The different narrative language of Shahriar Mandanipour is perhaps the most characteristic of his story writing that calls attention to the first reading. This feature is due to his interest in structure and form, which is often expected from modern storytellers because they attempt to free themselves from established structures so as to mix a new structure with the old one for their new experiences. Assuming that their type of vision cannot be offered in traditional structures, he has developed a language in storytelling that distinguishes him from any other writer and creates a unique story space in the range of this language, as the author himself points out: “Language is the purpose of writing. Therefore, it is not a means for writing stories, and the author must be able to create a range of different languages” (conversation with Shahriar Mandanipour, 2012). This convergence of different languages makes his prose complicated and sometimes unrealistic, but at the same time, it allows the author to bring almost disparate worlds together. For this reason, in his stories, the border between reality and fantasy merges, and the reader's entry into the story is like entering a labyrinth of uncertain boundaries, and this is the result of the author's experimentalism in writing stories. Now, as Mir Abedini (1998, p. 74) emphasizes: “From his very first stories, he showed that he has a thought and tries to find a suitable structure and tone for this thought, and through experiencing the form, he reaches a new understanding of reality”. The world that Shahryar Mandanipour creates in his fictional works is sometimes derived from dreams and is hyper-realistic and sometimes from myth, folklore and Iranian culture, which is special in its way and plays a significant role in the development of Iranian fiction literature. The mixing of apparently dissimilar worlds can be considered one of the most basic narrative features of this storyteller. This study attempts to shed light on space and place in the stories of Mandanipur. In so doing, this study relies on the methodology of geocriticim or spatial studies. Then, heterotopias or other spaces are described, which are influenced by Michel Foucault, in order to explain and discuss the appearance of such spaces in Mandanipour's stories. Michel Foucault's heterotopian spaces have had an important impact on space-place studies. Introducing heterotopia versus utopia as a space that challenges the knowledge of homogeneous spaces. Placing these spaces together and revealing their internal contradictions can be considered a critical reading. This is Foucault's approach in continuation of his discussion about the opposition of power and resistance, which according to him, in every discourse of power, a conflicting and challenging discourse is formed, even though it is on the sidelines. Shahriar Mandanipour, a contemporary Iranian writer makes literary use of these spaces in his stories, which is a result of his new approach to modern and experimental writing. Desert, prison, library, book and literary space, cemetery, cinema, theater, cafe, hotel, park, table, and so forth are examples of heterotopian spaces in his stores. In these spaces, the characters of his stories seek to overcome life's crises, which are often tied to death, love, tradition, politics and power. These spaces help them to challenge the homogenous spaces because they already have limited their understanding of self and the world. These heterotopian spaces in his stories are sometimes of a critical and sacred type; sometimes of the type of spaces that are for those who do not follow the rules of society and are deviant in a way; sometimes the functions of these spaces undergo changes in the form of context and time; sometimes they challenge time; sometimes it is an illusion and to cover the lack of homogenous spaces; and sometimes it is of the type of space of literature, all of which have significant impact on the lives and thoughts of the characters in the stories. The use of these spaces in the writings reviewed in this article is in line with Mandanipour's desire to create a new style in writing, and somehow these spaces help Mandanipour to have a special and different style. Mandanipour's other writings, such as The Courage of Love (1998), Censoring an Iranian Love Story (2009), Moon Brow (2018), and Seasons of Purgatory (2022) also contain heterotopian spaces that can be the subject of further studies.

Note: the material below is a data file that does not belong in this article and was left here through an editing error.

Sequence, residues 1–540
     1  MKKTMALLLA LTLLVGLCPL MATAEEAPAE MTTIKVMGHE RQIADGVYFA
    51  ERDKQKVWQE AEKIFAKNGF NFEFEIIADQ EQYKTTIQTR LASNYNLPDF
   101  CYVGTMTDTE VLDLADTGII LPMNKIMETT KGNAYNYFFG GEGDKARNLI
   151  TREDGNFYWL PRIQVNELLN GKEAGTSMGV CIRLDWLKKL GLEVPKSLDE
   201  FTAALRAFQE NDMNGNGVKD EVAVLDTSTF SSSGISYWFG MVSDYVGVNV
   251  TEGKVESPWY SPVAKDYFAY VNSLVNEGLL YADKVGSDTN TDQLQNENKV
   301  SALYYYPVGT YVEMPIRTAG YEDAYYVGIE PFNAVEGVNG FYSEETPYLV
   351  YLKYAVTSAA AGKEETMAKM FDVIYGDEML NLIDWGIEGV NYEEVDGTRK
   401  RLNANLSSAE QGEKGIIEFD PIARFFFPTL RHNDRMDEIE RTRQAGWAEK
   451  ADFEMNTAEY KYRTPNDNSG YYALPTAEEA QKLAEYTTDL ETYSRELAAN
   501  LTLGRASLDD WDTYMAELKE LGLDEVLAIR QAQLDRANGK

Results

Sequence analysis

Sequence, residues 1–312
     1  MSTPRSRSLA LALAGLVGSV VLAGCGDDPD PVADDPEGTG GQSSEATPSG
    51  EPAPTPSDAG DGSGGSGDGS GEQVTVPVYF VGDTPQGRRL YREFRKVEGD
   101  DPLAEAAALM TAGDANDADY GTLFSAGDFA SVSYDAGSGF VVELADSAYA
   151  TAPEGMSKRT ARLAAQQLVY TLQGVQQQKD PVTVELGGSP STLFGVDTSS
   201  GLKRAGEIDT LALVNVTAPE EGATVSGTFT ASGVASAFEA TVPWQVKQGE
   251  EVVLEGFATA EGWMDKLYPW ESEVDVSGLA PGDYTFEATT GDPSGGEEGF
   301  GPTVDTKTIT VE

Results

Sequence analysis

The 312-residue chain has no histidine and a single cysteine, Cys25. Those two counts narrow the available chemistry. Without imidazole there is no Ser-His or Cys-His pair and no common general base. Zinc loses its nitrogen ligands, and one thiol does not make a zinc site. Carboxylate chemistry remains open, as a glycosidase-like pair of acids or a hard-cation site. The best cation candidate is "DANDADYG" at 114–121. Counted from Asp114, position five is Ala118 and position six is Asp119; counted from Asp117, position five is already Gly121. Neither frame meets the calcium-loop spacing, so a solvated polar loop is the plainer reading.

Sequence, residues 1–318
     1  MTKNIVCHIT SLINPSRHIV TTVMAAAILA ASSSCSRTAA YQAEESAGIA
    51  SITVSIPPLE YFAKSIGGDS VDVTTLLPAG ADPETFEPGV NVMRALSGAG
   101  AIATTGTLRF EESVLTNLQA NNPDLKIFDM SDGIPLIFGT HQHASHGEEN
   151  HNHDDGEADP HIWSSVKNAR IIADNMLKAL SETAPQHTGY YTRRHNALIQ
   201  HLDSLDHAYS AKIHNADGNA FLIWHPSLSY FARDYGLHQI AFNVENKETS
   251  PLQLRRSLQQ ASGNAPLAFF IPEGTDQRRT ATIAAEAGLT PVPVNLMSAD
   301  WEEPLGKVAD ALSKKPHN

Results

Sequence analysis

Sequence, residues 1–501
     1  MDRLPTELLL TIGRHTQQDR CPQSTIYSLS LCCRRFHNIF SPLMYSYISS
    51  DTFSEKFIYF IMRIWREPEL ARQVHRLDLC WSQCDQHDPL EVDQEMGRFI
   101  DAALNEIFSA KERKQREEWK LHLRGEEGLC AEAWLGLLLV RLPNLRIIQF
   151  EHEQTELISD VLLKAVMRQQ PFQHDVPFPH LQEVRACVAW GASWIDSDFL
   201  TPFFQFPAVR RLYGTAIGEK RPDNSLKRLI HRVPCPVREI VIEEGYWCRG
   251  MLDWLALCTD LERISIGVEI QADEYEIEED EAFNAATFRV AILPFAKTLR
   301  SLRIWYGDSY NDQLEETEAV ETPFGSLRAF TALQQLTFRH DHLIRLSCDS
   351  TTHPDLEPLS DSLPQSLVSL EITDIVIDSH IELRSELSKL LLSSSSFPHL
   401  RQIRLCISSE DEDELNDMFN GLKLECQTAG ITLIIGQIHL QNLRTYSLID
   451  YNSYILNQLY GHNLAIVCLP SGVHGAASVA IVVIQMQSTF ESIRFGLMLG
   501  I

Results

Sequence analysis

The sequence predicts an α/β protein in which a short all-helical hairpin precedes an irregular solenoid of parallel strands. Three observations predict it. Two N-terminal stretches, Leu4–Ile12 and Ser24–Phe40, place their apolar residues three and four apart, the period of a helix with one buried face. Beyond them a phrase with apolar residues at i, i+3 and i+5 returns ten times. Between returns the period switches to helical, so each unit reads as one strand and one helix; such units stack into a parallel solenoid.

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Article Type: Original Research | Subject: Contemporary Contemporary Criticism
Received: 2024/01/9 | Accepted: 2024/05/20 | Published: 2024/04/29